What It's Really Like to Have One of the 3 Hottest Skills in the World

October 25, 2016

What life is like with the top three skills in the world.

In October, we announced the top skills of 2016, and paired them with LinkedIn Learning courses that teach them.

But there’s more to a job than just knowing it’s highly sought after or what courses you need to take to get it. There’s also the day-to-day experience to consider – what characteristics are needed to excel in that role? Why is it so in demand? And what specific skills are trending within that broader skillset?

To answer those questions, we consulted with LinkedIn Learning content managers who are responsible for producing classes on these top skills – i.e. experts in their respective fields. From that, we were able to paint a clearer picture of what jobs you can get after learning those skills, and what your day might be like if you had them.

A deeper dive into what a career built around the top three skills looks like

The top three skills right now are web architecture and development frameworks, statistical analysis and data mining and, at the top of the pack, cloud and distributed computing. Here’s a deep dive into each one:

3. Web Architecture and Development Frameworks

The third-hottest skill in the world – meaning, the third-most skill organizations are seeking the most – is web architecture and development frameworks. The most common jobs within this skill are full-stack developers, as well as front-end, back-end, mobile, desktop and enterprise developers, according to Shira Gotshalk, LinkedIn Learning’s web content manager.

Why is web architecture and development frameworks such a hot skill?

Web developers build and maintain web applications and integrate with databases. The web is often the gateway to everything people do with computers, and the technologies used in this field are often the default approach for people who want to quickly prototype and build things to run across multiple devices.

Most web developers begin their journey by learning to use HTML in a web browser and go on from there.

What are the characteristics you need to excel at that skill?

Web development is usually broken into two segments: front-end developers create the parts of websites we interact with in the browser (i.e. user interface elements), and back-end developers work on building the functionality we don’t see (i.e. database integration). Full-stack developers span both sides of that divide. The tools, technologies and practices used in this field are numerous and highly fragmented.

An expert in web architecture and development frameworks thrives on challenges and is energized by solving problems. It’s rare that web developers work alone (it is often a team sport), so it’s critical to be able to work with others. Great developers are team players, have good communication skills and are able to raise issues without being confrontational.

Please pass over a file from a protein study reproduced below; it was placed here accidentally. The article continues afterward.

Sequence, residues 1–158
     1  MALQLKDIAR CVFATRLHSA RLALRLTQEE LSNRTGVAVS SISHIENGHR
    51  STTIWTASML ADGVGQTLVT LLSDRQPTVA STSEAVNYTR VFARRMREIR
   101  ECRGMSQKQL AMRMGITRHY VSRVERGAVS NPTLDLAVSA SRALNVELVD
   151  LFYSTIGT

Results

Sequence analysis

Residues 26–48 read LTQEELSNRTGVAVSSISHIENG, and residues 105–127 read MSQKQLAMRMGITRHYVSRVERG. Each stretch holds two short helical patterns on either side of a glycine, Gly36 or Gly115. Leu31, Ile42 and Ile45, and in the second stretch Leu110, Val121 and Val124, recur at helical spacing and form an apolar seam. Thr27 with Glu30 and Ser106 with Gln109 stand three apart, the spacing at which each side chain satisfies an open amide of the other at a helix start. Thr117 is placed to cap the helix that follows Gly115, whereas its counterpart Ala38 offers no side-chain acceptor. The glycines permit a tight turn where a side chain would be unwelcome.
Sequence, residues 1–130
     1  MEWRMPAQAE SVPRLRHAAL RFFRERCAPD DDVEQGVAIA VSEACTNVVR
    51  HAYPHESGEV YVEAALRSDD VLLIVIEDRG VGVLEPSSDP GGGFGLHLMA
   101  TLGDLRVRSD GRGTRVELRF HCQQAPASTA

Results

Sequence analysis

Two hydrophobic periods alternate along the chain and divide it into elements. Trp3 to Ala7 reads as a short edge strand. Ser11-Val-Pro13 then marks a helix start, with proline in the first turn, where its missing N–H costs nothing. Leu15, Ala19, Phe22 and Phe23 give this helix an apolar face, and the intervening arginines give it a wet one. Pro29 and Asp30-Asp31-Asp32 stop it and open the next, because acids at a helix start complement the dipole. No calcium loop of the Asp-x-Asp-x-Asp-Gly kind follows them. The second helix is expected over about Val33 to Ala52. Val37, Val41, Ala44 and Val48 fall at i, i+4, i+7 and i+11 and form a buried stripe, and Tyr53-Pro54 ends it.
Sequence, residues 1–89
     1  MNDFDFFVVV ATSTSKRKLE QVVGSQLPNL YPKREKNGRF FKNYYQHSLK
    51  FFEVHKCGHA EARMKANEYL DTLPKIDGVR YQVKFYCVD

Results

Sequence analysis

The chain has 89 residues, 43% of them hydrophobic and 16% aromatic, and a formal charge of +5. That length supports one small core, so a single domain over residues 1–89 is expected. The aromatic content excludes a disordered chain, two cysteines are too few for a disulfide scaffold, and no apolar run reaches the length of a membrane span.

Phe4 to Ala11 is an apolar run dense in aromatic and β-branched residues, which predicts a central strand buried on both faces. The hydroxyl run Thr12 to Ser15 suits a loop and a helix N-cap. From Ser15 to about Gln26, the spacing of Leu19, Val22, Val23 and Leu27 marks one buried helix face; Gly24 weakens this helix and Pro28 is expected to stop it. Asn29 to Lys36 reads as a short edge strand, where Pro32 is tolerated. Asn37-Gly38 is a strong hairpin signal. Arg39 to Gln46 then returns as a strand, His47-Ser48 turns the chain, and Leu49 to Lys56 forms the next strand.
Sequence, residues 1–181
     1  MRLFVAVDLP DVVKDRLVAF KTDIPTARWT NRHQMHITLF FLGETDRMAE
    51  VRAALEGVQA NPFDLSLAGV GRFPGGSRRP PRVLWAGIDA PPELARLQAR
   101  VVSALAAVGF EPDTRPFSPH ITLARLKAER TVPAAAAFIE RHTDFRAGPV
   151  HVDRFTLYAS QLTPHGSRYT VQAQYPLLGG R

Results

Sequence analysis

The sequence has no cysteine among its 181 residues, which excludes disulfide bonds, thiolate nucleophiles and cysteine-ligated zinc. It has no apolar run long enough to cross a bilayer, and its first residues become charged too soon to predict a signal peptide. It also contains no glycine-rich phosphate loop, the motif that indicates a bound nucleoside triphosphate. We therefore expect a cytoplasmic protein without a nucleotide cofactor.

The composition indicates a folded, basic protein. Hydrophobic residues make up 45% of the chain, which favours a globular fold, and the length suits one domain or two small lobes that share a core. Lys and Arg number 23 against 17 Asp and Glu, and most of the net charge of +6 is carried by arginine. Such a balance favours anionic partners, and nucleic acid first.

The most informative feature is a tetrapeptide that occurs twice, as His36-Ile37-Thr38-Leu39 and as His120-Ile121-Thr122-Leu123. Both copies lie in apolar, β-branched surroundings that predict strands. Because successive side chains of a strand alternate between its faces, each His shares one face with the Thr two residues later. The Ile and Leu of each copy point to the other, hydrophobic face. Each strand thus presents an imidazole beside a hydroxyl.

What are the trending skills within that broader skill?

On the front-end, agile development, security, advanced CSS chops, and frameworks like React and Angular are driving a lot of growth in the industry. JavaScript is a really important language to master, and it’s also important to learn how to work with databases and data structures. Test-driven development is a critical skill for enterprise developers. A couple of other important topics are accessibility and learning to design with the User Experience (UX) in mind.

One the back-end, you need to know at least one language (primarily PHP or Python), how to work with databases with MySQL, and how to use authentication to keep data secure. You also have to be familiar with building and consuming APIs, and how to deploy, monitor, and maintain apps. With the popularity of MVC frameworks, developers rarely build web apps from scratch, but instead rely on the built-in functionality of these frameworks, like ASP.NET (.NET), Spring (Java), Django (Python), Laravel (PHP), and Meteor (Node.js) to efficiently and securely build apps. While the scope of responsibility depends on the size of the organization or team you’re working on, you must have working knowledge of all areas to be effective.

Of course, if you’re a full-stack developer, you’ll know enough of these skills to handle both front-end and back-end work.

What is the day-to-day life like if you're an expert in web architecture and development frameworks?

While it varies based on each organization, you’d be using an agile workflow to produce/update websites or applications quickly—and revisit those projects often, continuously iterating on and improving them. You'd be primarily working with a text editor or IDE, a server, and a database.

The LinkedIn Learning courses that teach this skill

They include:

2. Statistical Analysis and Data Mining

The second-hottest skill in the world is statistical analysis and data mining. The most common jobs for people with this skill are data scientist, data engineer or data analyst, according to Steve Weiss, LinkedIn Learning’s content manager for data science.

Why is statistical analysis and data mining such a hot skill?

The biggest reasons? Organizations are collecting far more data than ever before, data is easier to access than ever before, and companies believe the data they collect can be their competitive advantage. The Internet of Things, which will translate to 50 billion connected devices by the year 2020, fuels much of this data collection, only furthering this phenomenon to reach even more industries, namely manufacturing (think Fitbit, Amazon Echo, Nest thermostats, etc). Hence, there’s a growing demand for data scientists to make sense of all that data—to the point the Harvard Business Review has named it the “sexiest job in the world.”